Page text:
Modesty aside, I will admit that it was practically surreal to experience a This-Is-Your-Life moment.
For the younger readers, an explanation is already needed. This Is Your Life was a staple of TV entertainment from 1952 to 1961 in which an unsuspecting person, usually a celebrity, would have their life's story related in a narrative by host Ralph Edwards. Usually, people who had influenced or had been influenced by the chosen individual would be on hand to offer a personal anecdote or general perspective.
So, when I was informed that I had been nominated for a distinguished service award as part of the 2009 Ohio Association Track & Cross Country Coaches Awards Banquet at Easton Hilton in Columbus, I decided to clear my work calendar to the occasion. Warren boys track coach Al Riffey, who oversees District 16, put me up for the honor, which I was pleased to receive.
I was asked to submit some general biographical information on my employment history and what contributions I had made to track and field or cross country. In addition to noting that I had covered numerous meets over a span of 28 years as a staff reports for The Parkersburg News and, more recently, with The Marietta Times, I wrote that a greater appreciation of "distinquished service" was instilled in me by Hudson High School boys track coach Rod O'Donnell, a former distance standout from Belpre and a 2005 inductee into the OATCCC Hall of Fame.
Again, another explanation is necessary. In my youth, I nearly drowned at the Belpre swimming pool. It was a hot, humid day in early August, when I sought relief from the heat. I can't recall what specifically happened, but I can relate some of what I've been told about that day.
I was found lying on the bottom of the pool by Linda Leep, a teen-age girl who lived two streets from our family home. She tried to pull me to the surface, but was unable to lift me out of the water. Mikki Willey, one of the lifeguards on duty, got me out of the pool and on the concrete deck.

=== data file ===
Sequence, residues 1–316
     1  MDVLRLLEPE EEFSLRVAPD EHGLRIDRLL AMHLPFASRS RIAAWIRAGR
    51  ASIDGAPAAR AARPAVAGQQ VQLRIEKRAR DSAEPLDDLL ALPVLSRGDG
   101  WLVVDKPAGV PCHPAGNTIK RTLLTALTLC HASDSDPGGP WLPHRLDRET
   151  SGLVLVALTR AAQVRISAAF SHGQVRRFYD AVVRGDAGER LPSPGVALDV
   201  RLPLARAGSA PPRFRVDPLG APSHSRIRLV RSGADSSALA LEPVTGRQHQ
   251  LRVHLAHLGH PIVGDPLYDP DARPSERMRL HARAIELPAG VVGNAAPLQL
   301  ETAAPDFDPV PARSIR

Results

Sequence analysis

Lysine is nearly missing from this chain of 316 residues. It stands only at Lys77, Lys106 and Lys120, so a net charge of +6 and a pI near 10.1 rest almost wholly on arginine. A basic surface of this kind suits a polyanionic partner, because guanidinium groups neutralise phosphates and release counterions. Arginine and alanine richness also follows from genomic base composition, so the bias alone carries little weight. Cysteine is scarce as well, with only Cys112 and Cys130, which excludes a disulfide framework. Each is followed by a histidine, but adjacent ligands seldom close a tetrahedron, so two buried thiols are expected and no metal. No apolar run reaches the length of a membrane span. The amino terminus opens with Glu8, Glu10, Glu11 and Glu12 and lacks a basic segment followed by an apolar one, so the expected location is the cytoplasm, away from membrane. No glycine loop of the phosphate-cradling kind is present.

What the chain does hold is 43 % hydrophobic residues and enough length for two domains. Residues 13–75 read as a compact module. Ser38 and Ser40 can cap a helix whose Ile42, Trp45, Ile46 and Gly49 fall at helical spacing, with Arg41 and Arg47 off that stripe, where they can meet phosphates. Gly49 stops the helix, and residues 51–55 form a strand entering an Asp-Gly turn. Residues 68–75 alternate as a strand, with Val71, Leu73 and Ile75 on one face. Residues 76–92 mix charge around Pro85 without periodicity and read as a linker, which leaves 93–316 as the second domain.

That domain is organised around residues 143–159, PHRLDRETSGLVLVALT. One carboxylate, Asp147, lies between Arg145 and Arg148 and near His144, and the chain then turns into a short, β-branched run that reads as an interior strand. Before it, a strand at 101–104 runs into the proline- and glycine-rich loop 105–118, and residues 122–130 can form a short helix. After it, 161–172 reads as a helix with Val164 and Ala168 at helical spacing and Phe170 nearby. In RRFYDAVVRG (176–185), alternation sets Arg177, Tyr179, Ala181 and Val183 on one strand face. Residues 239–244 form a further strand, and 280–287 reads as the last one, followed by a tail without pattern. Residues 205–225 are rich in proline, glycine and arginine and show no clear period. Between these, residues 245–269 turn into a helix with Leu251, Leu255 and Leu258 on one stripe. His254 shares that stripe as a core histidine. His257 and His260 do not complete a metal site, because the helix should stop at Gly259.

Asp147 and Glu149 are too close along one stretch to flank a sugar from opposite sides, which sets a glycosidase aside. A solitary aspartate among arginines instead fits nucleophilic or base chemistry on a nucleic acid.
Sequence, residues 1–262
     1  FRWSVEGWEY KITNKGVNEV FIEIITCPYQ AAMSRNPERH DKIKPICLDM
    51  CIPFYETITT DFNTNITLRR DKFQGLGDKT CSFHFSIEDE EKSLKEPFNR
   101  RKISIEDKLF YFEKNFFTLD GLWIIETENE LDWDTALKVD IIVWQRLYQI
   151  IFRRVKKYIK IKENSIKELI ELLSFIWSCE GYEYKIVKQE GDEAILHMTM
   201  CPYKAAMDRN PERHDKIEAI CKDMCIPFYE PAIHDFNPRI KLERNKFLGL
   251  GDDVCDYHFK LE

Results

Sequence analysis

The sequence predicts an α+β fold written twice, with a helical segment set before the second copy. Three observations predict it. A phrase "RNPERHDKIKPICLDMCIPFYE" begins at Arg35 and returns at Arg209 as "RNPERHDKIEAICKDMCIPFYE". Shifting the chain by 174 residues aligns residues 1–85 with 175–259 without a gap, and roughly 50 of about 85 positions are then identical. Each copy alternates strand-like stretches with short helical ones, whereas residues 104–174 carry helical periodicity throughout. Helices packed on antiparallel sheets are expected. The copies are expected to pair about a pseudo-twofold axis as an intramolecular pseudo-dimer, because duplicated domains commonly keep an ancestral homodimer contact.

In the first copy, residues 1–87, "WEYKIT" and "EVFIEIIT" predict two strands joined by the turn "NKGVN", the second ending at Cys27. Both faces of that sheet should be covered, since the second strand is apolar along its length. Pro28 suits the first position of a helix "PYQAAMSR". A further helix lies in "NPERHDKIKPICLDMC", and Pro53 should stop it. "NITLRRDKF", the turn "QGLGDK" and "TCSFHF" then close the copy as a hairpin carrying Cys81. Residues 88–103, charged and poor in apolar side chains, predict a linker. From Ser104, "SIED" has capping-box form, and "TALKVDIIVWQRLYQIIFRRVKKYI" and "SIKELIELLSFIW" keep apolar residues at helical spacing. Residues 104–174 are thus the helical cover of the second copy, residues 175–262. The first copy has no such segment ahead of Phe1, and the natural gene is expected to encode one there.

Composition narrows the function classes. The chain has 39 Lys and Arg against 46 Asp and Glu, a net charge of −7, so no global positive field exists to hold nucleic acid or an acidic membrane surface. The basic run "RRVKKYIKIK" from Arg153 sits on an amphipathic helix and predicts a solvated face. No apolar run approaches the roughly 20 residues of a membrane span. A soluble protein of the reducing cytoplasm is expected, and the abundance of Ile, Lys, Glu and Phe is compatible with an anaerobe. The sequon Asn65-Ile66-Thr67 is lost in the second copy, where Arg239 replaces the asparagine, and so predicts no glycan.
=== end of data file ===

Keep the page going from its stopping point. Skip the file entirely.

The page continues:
O'Donnell, the head lifeguard, administered mouth-to-mouth resuscitation and got me breathing again.
That's when the fun began, or so I have been told.
Still believing I was underwater, I kept flailing my arms and kicking my legs in an effort to save myself. It must have been quite an ride in the ambulance. I was told that it took six people to hold me down on the table in the emergency room at Camden-Clark Memorial Hospital. I was also told of the great plume of water that arced across the room when medical personnel pushed down on my stomach.
I'm sorry I missed all that action. When I regained consciousness, it was evening and I was resting in a bed in a private room at CCMH. The next day, I was told to expect a visitor and that it would be the life guard who had saved me. He must have been quite apprehensive, not knowing how long I had been under water or if I had suffered any brain damage.
I do remember that when he came into my room, he seemed to be extremely pale.
Thus, that episode from over 40 years ago involving a swimming pool and fateful meeting between a life guard and someone's child got replayed in my mind Friday night. All in the time it took for the master of ceremonies to call my name and for me to make it to the main stage. There, Riffey stood with a grin stretched across his face. As I accepted a plague to commemorate the honor, he shook my hand. I leaned to one side and said, "This feels like a This-Is-Your-Life moment."
Exiting stage right, I started to circle back to my table. Along the way, I encountered O'Donnell in the crowd and stopped to shake his hand and offer a word of thanks.
I couldn't help but notice that he had gotten his color back.
Joe Davis is a Marietta Times part-time sports writer.